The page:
According to the moderate-quality evidence, 1 SR40 suggested that acupuncture combined with hyaluronic acid injection was better than hyaluronic acid injection alone with short-term effective rate (risk ratio [RR]=1.16, 95% confidence interval [CI] [1.10, 1.22], P < 0.00001). 1 SR45 reported that warm acupuncture treatment was more effective compared to western medicine measured with Long-term total efficacy rate (RR = 1.16, 95%[CI] [1.04, 1.29], P = 0.008) and Short-term cure rate (RR = 2.35, 95%[CI] [1.59, 3.45], P < 0.0001). This review also reported less adverse effect than western medicine (RR = 0.20, 95%[CI] [0.05, 0.75], P = 0.02). The available evidence suggests that acupuncture appears to be an effective and safe therapy for KOA.

Risk of Bias

The ROBIS tool was used to assess the risk of bias of included SRs/MAs. Domain 1 assessed concerns regarding specification of study eligibility criteria, 12 SRs/MAs (85.7%)37–42,44,46–50 were rated as low risk of bias in the domain 1, which regarding the study eligibility criteria. 4 SRs/MAs (28.6%)39,44,46,47 were rated as low risk of bias in the domain 2, which regarding identification and selection of studies. 7 SRs/MAs (50%)38,44–49 were rated as low risk of bias and one review was unclear risk of bias in domain 3, which regarding data collection and study appraisal. 4 SRs/MAs (28.6%)39,48–50 were rated as low risk of bias in domain 4, which regarding the synthesis and findings. The final phase considered the overall risk of bias of SRs/MAs, and 7 SRs/MAs (50%)40,41,45–48,50 were rated as low-risk of bias. The assessment of the risk of bias of each review is shown in Table 4 and Figure 2.

Table 4 Tabular Presentation of Risk of Bias of Included SRs/MAs

Figure 2 Graphical presentation of risk of bias of included SRs and MAs.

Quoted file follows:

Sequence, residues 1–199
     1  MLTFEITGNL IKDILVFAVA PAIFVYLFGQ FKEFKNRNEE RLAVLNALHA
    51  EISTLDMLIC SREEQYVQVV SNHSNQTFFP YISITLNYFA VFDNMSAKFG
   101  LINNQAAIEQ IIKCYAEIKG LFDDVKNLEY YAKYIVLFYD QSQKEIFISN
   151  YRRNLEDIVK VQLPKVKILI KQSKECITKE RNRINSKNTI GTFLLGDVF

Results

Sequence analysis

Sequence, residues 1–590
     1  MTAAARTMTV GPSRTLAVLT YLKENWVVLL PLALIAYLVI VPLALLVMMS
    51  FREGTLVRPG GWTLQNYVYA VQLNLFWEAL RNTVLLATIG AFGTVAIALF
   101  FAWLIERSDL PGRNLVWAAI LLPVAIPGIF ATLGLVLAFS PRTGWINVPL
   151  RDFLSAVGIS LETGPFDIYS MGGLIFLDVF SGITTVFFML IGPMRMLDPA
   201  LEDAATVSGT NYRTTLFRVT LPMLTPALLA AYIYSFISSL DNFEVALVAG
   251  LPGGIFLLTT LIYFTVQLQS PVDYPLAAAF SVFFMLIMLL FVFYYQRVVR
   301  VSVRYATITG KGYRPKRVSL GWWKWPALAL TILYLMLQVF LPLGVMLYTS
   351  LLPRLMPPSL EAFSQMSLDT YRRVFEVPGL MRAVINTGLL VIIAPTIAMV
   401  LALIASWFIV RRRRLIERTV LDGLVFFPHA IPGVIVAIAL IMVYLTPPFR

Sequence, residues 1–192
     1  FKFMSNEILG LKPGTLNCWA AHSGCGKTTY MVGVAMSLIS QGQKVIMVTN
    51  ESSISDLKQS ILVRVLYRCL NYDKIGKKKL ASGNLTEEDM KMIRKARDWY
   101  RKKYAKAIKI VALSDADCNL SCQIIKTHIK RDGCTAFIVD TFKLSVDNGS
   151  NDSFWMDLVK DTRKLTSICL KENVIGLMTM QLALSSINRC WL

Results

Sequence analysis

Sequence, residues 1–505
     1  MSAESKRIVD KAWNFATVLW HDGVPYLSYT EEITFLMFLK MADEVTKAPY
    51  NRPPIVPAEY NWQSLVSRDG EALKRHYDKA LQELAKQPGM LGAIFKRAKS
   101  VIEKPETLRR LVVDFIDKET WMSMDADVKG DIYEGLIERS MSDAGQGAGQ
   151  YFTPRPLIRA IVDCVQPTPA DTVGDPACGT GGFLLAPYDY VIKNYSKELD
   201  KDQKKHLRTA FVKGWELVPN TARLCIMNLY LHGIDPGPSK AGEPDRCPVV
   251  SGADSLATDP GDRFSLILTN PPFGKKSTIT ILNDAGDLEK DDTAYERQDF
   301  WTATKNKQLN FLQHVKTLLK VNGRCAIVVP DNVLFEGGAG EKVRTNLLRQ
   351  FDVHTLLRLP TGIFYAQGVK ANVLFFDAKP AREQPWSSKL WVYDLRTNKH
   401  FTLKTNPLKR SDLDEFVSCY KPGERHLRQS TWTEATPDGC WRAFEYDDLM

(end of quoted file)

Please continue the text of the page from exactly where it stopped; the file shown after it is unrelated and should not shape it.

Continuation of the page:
Discussion

Summary of Main Findings

SRs/MAs are the integrative analyses of the original research evidence, which are at a higher level in the evidence hierarchy. The main conclusion in this work was that acupuncture treatment was advantageous in relieving pain and improving knee joint function. With regard to safety, there was no serious adverse effect associated with acupuncture. Numerous RCTs and systematic evaluations have also confirmed the effectiveness and safety of acupuncture in the treatment of KOA.19,22,23,27,30,31,51 However, the quality of methodological evaluations and outcome indicators of 14 SRs/MAs was low and very low.

Assessment of the Quality of the Included SRs and MAs

As shown by the methodological quality evaluation of the AMSTAR 2 scale in the current work, the methodological quality of all the included SRs/MAs regarding the application of acupuncture in KOA was extremely low. None of the enrolled SRs/MAs offered a pre-protocol, or described manual searches and grey literature searches. Besides, all the systematic reviews failed to describe in detail the essential characteristics of the included studies, which made it impossible to compare the studies at baseline. Further, none of the enrolled systematic reviews provided a list of excluded literature. All our enrolled SRs/MAs did not offer a list of the excluded literature or information on the excluded literature was not available. In our enrolled SRs/MAs, reasonable tools were utilized to evaluate the risk of bias among the studies, among which, 4 employed the Jadad scale37,39,40,50 and 10 applied the Cochrane Risk of Bias Assessment Tool.38,41–49 None of our enrolled SRs/MAs described funding support, and only one mentioned the relevant conflicts of interest. In this regard, the SRs/MAs researchers should pay more attention to the above-mentioned issues and improve the methodological quality, so as to provide a high-quality basis for guideline development and clinical decision-making.